THE STILLS, "Without Feathers"
"Logic Will Break Your Heart," the 2003 debut from Montreal's the Stills, did a better job than most current retro-minded pretenders at capturing the shimmer, shine and mopey melodic grace of '80s col"Logic Will Break Your Heart," the 2003 debut from Montreal's the Stills, did a better job than most current retro-minded pretenders at capturing the shimmer, shine and mopey melodic grace of '80s college rock. Yet for all its massive minor key hooks and hip cachet, the disc still somehow slipped between the cracks of several waves of new New Wave acts. Maybe it was for the best, since the group's second album "Without Feathers" indicates its heart might not have been in the '80s after all.
Out is much of the minor key gloom, and in is sunny, major-key pop (and, perhaps not coincidentally, the upgrading of drummer Dave Hamelin to guitarist and singer, alongside primary vocalist Tim Fletcher). The first few minutes of the first song, "In the Beginning," alone reveal a strong melodic sensibility previously masked by the all the moodiness. That's a good thing. As "The Mountain" scales anthemic heights you start to further think the Stills may be onto something by ditching the fashion plate influences. The piano-led power-ballad "She's Walking Out" reaffirms that belief, and the winning likes of "Halo the Harpoon," "Destroyer" and "It Takes Time" are upbeat ditties in the best sense.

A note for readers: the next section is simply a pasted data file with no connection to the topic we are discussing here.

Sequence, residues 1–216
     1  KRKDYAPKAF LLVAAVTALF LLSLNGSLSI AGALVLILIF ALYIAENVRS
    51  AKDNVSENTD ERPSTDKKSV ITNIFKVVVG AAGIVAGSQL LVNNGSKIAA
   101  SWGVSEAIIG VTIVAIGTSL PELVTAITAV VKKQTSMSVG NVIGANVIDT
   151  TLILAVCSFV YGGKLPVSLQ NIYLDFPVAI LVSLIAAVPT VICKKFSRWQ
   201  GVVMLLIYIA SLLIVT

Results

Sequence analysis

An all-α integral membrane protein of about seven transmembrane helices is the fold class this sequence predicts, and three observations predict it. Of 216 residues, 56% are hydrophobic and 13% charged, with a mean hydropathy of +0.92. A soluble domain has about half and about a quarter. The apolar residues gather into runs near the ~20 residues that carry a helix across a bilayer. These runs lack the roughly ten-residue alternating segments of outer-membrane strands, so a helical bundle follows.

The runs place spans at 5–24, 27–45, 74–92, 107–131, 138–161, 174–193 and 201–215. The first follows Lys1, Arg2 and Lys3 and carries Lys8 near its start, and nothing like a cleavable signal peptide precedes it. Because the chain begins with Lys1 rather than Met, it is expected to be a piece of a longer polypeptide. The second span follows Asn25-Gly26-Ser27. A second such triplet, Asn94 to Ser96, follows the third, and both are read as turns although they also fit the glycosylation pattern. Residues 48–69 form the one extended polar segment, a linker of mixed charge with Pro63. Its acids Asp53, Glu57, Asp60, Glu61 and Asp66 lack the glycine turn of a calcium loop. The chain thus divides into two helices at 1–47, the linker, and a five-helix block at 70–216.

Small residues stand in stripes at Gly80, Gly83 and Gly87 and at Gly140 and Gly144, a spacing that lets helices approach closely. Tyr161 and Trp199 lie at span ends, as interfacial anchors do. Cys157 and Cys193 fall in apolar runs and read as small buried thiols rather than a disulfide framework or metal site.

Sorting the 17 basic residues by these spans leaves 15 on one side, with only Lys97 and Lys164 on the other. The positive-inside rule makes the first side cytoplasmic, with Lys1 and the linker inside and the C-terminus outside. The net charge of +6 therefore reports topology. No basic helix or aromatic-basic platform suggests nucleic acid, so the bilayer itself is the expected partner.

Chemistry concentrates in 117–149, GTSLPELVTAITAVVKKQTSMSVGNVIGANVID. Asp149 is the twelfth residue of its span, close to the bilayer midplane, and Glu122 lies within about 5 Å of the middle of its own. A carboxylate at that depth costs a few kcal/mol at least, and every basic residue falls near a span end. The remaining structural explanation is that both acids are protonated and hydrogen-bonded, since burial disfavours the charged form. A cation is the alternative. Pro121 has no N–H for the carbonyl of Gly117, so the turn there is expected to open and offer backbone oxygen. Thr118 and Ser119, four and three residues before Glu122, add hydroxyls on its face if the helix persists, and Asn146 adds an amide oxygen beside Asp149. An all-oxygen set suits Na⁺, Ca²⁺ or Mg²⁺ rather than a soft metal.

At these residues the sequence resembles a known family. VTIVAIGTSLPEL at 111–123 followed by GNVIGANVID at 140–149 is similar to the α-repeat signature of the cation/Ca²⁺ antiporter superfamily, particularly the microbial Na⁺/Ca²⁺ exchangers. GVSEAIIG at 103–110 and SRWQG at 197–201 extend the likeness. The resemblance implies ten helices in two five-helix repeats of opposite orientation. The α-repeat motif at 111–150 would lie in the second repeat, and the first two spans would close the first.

Sure, by abandoning the gloom and doom and embracing quirky power-pop, the Stills seem to have morphed into a less minimalist Spoon, and your replay mileage may vary based on how strongly you liked what they were doing before. But in a time when bands indie and major alike play it safe by doing the same thing again and again, it's somewhat inspiring to find a band apparently willing to throw away the map and start their musical journey anew. Yeah, the new journey isn't terribly adventurous, or, for that matter, terribly new, but if you can tap your foot to it, what's the harm? -- Joshua Klein